- Why Colby?
- Request Information
- College Profile
- Scholars Program
- Student Perspectives
- Alumni Success
- For Counselors
- Contact Admissions
When Douglas Archibald (English) speaks of the most important changes at Colby during his career, he talks about credit requirements and tenure process--big-picture changes that have had a profound effect on students and faculty at Colby for the past 30 years.
Part of the young guard when he arrived at Colby in 1973, Archibald chaired the English Department at a time when the College was evolving toward a more democratic institution. He was dean of faculty and vice president of academic affairs (1982-88) when the College moved from a five-one-five system (five courses each semester and a Jan Plan) to a four-one-four. For faculty, the reduced teaching load "was part of the process of becoming more professional," Archibald said. "We taught fewer courses and had more time to prepare those courses."
That also freed faculty to do scholarship. For Archibald that included serving as co-editor of W.B. Yeats's Autobiographies (Vol.III of The Collected Works), lecturing in both the U.S. and Ireland and contributing to Irish periodicals. Since 1986, Archibald has been editor of the Colby Quarterly, overseeing issues that focused on Irish literature, including the work of Michael Longley, Eavan Boland, William Trevor and Seamus Heaney and explored American popular culture, Shakespeare and film, among others themes.
Archibald also points to changes that opened up the tenure process to more faculty involvement. "The faculty as a whole, instead of just a few professors, took responsibility for the tenure and promotion process. We made very tough decisions but I think demonstrated that it could be done conscientiously," he said. "As a faculty body we have become more accomplished, more professional, more demanding."
And the students? Compared with their predecessors in the '60s they're learning in a different climate, Archibald said. Forty years ago classroom discussion was contentious and ideas were debated--and shot down--vigorously.
"If you had asked me, when I first started teaching in '63, if I had one word to tell what I wanted my classroom to be like, I would say 'exciting.' If you ask me now I would say 'safe.' We want students to feel okay. We want them to think that they're being taken seriously. . . . But it's about tolerance and open-mindedness now."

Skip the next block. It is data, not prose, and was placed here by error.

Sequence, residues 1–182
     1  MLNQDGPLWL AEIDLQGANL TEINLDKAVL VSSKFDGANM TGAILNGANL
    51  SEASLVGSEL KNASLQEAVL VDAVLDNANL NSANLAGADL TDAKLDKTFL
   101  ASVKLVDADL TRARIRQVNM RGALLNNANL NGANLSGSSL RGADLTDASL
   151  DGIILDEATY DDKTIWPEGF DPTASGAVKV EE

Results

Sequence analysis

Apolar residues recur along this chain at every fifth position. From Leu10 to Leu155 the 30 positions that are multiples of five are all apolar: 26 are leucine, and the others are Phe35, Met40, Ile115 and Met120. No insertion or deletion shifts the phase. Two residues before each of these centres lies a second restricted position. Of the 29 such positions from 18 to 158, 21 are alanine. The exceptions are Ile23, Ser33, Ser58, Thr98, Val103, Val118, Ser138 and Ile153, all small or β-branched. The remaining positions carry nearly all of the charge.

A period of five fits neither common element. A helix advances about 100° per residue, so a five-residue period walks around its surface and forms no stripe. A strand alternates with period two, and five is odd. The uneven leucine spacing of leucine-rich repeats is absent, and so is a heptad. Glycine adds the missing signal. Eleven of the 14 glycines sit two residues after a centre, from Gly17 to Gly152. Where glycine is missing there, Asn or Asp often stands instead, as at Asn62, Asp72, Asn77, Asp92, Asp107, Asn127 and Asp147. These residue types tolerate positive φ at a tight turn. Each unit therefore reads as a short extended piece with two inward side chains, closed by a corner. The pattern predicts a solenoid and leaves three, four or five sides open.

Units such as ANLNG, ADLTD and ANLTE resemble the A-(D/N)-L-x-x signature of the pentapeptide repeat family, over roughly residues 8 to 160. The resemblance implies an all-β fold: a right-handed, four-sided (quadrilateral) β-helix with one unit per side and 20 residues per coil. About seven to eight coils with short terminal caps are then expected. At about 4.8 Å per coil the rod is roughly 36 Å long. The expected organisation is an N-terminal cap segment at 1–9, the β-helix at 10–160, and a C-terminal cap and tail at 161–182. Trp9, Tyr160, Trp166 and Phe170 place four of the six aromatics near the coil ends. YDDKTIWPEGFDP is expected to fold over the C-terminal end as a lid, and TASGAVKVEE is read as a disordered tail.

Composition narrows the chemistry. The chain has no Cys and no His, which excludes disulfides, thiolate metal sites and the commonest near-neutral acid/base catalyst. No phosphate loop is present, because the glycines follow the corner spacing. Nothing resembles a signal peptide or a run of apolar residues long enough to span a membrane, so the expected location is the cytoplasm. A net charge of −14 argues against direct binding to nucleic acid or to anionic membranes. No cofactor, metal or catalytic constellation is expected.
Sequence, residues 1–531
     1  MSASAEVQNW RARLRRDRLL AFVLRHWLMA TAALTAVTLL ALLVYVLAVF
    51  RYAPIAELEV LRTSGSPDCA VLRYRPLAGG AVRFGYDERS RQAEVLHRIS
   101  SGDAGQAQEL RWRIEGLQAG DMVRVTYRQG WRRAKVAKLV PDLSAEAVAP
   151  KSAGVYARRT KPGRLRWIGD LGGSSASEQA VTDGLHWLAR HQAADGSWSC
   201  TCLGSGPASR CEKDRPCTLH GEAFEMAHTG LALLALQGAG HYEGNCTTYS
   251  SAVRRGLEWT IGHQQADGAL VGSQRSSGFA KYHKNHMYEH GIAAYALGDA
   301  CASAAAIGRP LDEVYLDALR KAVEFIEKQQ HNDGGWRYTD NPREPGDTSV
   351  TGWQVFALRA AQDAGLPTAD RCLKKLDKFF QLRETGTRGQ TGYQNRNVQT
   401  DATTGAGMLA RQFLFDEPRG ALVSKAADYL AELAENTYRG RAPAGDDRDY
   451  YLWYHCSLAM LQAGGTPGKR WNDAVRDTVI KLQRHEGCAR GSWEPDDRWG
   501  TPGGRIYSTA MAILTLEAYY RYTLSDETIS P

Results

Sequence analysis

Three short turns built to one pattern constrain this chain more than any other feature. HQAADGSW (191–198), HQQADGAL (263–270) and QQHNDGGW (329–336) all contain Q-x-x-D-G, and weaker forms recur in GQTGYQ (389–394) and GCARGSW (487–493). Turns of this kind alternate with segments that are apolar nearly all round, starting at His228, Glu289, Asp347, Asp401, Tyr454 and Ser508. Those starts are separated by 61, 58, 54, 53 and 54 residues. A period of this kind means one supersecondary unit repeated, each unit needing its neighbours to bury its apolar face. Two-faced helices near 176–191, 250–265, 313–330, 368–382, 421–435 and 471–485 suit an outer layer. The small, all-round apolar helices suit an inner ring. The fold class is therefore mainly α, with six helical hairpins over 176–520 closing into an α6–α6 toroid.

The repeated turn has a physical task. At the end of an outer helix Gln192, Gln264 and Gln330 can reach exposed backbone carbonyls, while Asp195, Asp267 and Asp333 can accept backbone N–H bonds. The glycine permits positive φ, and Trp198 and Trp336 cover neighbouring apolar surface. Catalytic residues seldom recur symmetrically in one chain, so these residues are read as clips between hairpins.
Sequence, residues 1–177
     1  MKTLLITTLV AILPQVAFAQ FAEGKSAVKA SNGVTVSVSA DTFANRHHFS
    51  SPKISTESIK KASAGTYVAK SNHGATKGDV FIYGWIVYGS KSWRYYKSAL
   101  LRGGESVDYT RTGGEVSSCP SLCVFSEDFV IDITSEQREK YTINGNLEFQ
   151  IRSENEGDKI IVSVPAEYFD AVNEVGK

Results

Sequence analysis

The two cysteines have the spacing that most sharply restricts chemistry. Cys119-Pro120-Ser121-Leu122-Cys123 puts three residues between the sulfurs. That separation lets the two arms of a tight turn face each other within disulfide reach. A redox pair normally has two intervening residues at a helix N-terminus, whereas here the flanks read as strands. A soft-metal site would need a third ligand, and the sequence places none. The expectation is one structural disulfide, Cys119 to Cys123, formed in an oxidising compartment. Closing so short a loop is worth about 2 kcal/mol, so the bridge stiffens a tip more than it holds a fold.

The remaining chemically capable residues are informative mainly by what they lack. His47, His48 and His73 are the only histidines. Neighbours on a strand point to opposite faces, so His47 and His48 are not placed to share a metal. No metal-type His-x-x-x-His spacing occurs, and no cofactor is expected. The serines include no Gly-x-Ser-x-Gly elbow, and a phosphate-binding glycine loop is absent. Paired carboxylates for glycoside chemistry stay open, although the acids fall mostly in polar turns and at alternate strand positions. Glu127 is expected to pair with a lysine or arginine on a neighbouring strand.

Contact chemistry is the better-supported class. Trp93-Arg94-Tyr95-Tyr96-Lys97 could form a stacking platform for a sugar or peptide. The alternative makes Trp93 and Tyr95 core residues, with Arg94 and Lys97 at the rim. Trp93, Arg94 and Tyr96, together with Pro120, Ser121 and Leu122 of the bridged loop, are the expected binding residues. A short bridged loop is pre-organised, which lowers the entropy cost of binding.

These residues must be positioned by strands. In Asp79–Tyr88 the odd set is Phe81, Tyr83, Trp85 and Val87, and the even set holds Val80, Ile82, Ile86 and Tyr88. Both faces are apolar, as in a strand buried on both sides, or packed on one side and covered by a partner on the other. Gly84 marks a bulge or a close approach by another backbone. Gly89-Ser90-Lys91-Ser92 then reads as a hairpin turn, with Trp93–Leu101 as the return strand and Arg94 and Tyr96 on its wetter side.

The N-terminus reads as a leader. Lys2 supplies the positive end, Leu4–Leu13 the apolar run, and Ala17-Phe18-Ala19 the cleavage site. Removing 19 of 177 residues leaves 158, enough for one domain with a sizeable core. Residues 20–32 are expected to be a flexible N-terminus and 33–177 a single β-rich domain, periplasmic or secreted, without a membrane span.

Jan Hogendorn's adventure in economics began with a Ph.D. thesis-researching trek across the Sahara Desert with his wife, Dianne, in a Volkswagen bus. The adventure (at least the classroom portion of it) ended in May when Hogendorn, the Grossman Professor of Economics, retired after 37 years at Colby.
Hogendorn's students have gone on to prominence in academe, in international banking, in development economics. And while he strived to impart the knowledge he acquired in his career as an economist, Hogendorn hoped to first pass on something more fundamental. "I personally always thought the key role of an undergraduate teacher, rather than to convey information, is instead to convey a love for the subject."
That's why he freely admits that, though many of his students will forget some of what they learn in first-year economics, that course could be the most important in laying the groundwork for a career in the field if it kindles an interest in economic principles.
Hogendorn did impart his conviction that international trade should not be constrained in general and that free international trade leads to higher standards of living. But there is a role for public policy to ease the transition, he believes. "There are going to be those who are harmed by free, open trade," he said. "Public policy must take that into account."
It was a position he moved to over time, beginning with his study with the conservative economist Lord Peter Bower at the London School of Economics. Bower was a free-market disciple but he gave Hogendorn free rein to explore his own ideas. At Colby, Hogendorn has done the same with his students.
"I loved being a liberal arts guy," Hogendorn said. "I just love the way in liberal arts colleges you have a certain freedom you don't have in big universities. In a big university I couldn't have been the same professor who does international trade and development and at the same time be allowed to follow my interests in the economics of slavery. You couldn't have done that in a big university. And I have also loved the fact that in a liberal arts college students will take courses in another discipline. In international trade and development, more than half my students were from other majors."
"I always loved the input of outside knowledge," he said.